Best Farm-to-Breakfast Table
Kiki Louya and Rohani Foulkes, both accomplished chefs and culinary activists in their own right, opened The Farmer’s Hand back in 2016. It was a gourmet grocery store that prided itself on ethical food practices, and was a natural antecedent to Folk, a breakfast and lunch café and coffee shop the duo opened in April 2018. Folk serves wholesome, nutritious, seasonal dishes that cater to omnivores, vegetarians, and vegans alike along with a rotating selection of artfully prepared lattes and flavored milks. 1701 Trumbull Ave., Detroit; 313-290-5849; B & L Wed.-Mon. $$
Best Place to See and Be Seen
Buzzy is the word for this Japanese-inspired restaurant that took over the historical Ford-Peabody mansion late last summer. It’s Michael Schlow’s first Michigan outpost. The chef and restaurateur who’s been at the helm of places like The Riggsby in Washington, D.C. and Cavatina in Los Angeles, has brought his signature panache to Birmingham. Adachi serves a range of fish and artisan sushi like the truffled mushroom, cucumber, and miracle sauce maki roll. Don’t miss out on the drinks, which include a variety of spirits and craft cocktails. 325 S. Old Woodward Ave., Birmingham; 248-540-5900; L&D Daily. $$$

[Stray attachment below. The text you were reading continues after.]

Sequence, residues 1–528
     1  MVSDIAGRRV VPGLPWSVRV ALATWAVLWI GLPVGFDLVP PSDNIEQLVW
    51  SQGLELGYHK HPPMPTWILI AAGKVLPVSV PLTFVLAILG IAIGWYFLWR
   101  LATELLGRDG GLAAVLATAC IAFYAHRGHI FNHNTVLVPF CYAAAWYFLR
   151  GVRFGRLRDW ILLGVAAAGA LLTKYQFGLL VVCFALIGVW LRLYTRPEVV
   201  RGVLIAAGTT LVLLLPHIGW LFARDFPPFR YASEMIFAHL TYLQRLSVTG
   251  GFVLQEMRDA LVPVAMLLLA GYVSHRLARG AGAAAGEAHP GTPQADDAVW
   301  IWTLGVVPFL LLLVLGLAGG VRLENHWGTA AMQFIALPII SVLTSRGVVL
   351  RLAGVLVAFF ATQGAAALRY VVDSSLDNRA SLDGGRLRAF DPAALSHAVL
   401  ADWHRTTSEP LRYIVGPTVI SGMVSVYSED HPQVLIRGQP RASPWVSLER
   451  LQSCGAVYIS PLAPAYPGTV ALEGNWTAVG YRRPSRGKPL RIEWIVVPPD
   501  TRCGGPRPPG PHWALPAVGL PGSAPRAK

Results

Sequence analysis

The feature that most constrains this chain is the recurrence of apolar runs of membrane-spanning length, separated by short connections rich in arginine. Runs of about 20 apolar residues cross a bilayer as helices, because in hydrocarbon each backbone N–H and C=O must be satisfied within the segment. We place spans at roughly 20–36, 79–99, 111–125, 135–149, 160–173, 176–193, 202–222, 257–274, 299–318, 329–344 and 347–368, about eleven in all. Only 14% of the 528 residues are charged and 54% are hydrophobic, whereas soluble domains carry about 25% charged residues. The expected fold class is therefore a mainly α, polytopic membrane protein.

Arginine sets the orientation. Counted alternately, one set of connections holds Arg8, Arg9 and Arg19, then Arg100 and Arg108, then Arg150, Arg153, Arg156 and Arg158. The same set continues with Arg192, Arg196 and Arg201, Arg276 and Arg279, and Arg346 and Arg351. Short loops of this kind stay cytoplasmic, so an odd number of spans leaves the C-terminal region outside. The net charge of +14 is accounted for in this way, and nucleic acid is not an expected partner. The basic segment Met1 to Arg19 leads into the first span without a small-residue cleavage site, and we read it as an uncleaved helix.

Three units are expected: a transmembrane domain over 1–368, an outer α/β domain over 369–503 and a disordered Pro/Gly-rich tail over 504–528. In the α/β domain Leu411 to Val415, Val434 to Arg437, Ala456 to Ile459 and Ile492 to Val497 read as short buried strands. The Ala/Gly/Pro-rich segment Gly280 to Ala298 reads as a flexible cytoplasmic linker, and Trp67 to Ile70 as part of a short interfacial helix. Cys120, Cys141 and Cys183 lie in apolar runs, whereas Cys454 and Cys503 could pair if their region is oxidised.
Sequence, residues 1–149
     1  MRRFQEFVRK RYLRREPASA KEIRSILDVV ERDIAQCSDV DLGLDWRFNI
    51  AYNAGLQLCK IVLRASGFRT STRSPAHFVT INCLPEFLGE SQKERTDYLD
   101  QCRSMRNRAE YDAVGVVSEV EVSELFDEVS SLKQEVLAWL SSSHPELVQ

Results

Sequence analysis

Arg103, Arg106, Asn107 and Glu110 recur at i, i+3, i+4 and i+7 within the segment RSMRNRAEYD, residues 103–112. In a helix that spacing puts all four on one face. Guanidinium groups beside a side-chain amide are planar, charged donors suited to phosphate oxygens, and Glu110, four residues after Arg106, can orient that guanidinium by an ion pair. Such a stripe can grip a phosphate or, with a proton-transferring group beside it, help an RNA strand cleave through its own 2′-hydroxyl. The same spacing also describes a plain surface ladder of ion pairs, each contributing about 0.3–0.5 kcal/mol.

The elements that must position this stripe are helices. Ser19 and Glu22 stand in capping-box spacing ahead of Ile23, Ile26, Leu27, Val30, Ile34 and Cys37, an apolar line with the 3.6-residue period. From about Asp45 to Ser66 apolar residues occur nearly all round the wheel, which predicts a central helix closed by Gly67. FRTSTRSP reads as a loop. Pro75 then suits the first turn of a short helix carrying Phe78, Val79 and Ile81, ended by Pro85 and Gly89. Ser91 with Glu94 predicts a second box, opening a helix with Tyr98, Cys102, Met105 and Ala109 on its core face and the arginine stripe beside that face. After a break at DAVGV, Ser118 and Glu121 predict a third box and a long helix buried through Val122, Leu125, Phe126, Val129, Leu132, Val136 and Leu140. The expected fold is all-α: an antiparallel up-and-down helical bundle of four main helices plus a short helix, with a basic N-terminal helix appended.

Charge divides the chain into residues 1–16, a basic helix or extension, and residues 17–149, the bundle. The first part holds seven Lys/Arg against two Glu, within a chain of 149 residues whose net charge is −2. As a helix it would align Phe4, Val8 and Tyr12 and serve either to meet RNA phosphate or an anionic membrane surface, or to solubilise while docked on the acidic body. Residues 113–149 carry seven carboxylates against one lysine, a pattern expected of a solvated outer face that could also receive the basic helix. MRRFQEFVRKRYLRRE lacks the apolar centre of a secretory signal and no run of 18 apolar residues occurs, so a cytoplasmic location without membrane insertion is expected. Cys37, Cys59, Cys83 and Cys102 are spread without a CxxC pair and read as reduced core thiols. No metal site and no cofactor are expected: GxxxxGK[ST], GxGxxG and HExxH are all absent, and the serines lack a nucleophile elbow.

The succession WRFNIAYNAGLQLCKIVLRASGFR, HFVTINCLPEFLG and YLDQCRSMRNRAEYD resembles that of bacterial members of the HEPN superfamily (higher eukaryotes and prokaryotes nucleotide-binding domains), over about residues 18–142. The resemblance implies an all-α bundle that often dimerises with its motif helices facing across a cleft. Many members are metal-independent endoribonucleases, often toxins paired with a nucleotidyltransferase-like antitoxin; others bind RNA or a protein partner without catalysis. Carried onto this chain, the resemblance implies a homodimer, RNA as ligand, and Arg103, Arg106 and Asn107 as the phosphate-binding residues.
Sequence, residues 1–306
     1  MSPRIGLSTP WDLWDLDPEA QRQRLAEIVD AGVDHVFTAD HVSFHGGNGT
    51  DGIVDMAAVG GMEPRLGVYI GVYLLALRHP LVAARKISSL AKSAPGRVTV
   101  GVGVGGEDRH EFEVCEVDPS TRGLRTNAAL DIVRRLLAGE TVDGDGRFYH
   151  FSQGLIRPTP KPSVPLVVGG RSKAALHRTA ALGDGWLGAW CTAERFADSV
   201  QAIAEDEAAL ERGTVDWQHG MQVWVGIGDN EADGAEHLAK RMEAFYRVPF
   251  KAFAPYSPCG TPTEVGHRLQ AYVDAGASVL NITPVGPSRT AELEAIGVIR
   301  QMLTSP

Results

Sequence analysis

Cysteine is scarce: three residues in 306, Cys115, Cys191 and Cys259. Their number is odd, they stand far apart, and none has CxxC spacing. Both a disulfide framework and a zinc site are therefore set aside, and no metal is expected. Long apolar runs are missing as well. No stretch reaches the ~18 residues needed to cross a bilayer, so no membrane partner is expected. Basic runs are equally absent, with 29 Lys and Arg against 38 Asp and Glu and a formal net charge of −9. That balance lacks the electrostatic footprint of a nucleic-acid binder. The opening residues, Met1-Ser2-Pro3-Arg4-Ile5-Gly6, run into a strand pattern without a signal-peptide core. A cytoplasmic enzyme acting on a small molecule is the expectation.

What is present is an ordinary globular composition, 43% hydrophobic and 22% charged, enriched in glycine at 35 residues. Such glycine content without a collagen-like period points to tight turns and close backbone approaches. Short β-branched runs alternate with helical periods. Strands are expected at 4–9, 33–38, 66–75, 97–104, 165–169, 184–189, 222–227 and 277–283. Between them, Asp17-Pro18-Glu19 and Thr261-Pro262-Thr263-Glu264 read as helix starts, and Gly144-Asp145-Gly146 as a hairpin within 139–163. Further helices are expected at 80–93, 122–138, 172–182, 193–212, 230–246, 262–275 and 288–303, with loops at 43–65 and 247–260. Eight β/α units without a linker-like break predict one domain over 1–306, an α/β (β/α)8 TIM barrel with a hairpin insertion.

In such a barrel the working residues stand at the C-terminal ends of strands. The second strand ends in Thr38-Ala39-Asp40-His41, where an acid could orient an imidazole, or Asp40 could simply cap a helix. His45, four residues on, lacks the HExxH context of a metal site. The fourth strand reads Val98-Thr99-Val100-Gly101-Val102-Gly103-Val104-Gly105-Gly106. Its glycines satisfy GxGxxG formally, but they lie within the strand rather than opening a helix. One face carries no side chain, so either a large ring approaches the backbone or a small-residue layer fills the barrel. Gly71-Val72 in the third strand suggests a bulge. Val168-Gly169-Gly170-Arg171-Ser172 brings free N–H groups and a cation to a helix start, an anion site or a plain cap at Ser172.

Best Comfort Food Go-To
From Eli Boyer, the restaurateurbehind the nationally recognized Voyager, comes Lovers Only: a classic burger spot upgraded with delicious regional nods. Take the Burlington, named after Burlington, Wisconsin which is a 6oz. beef patty topped with Wisconsin cheddar sauce, twice-cooked onions, pickle relish, and lettuce (pictured above).
Or The Extern, a sandwich stuffed with Southern fried chicken, white barbecue sauce, and jalepeño slaw. Of course, the burgers are all made with 100 percent pasture-raised Michigan beef. The pastel interiors, cowboy motif wallpaper, and soft lighting keep the place true to its name. 34 E. Grand River Ave., Detroit; 313-986-1174; L & D Daily. $
Best Detroit Chain
Ima has been making waves since the original Corktown location arrived in 2016, but the opening of the Madison Heights branch late last year cemented this spot as a homegrown franchise. Chef Mike Ransom serves Japanese-inspired dishes with a hearty Midwestern flair, which means steaming bowls of udon noodles ladled with broths such as silky curry, toasted chili, and lobster yuzu. 2015 Michigan Ave., Detroit; 313-502-5959; L & D Daily. 32203 John R Rd., Madison Heights; 248-781-0131; L & D Daily. $$